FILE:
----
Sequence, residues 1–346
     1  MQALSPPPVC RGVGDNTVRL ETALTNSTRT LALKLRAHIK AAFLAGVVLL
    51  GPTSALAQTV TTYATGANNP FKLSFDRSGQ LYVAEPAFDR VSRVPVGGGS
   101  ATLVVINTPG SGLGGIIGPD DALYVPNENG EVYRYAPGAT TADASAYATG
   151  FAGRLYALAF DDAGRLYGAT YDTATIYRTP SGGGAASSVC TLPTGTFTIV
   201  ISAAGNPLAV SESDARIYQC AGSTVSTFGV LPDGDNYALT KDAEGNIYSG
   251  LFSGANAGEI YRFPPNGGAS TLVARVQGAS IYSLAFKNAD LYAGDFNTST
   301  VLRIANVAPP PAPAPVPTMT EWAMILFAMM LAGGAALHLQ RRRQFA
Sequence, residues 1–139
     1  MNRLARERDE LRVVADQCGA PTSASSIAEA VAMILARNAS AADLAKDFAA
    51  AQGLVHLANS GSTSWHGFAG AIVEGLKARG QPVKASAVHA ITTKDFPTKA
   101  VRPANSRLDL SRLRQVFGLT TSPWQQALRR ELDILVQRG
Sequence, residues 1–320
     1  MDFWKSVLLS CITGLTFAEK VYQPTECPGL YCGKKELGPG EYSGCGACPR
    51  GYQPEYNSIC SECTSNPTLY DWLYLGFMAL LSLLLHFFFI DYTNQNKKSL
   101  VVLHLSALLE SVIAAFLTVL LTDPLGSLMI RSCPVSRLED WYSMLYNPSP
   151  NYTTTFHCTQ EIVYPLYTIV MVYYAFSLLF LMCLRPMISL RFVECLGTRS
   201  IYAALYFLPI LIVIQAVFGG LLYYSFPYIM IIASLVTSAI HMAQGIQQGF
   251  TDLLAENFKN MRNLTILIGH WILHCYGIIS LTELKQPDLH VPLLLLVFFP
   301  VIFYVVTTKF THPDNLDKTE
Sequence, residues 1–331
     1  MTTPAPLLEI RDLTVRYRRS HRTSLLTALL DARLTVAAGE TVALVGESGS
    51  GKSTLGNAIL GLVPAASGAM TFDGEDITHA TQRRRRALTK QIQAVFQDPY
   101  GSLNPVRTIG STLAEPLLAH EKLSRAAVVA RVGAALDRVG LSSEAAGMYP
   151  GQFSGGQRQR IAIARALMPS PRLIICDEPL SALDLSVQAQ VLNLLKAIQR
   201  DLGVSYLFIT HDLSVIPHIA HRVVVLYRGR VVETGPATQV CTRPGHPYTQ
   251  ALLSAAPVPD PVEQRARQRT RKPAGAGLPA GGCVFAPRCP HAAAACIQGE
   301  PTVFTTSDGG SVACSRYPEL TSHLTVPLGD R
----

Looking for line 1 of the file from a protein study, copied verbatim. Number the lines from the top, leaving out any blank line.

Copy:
Sequence, residues 1–346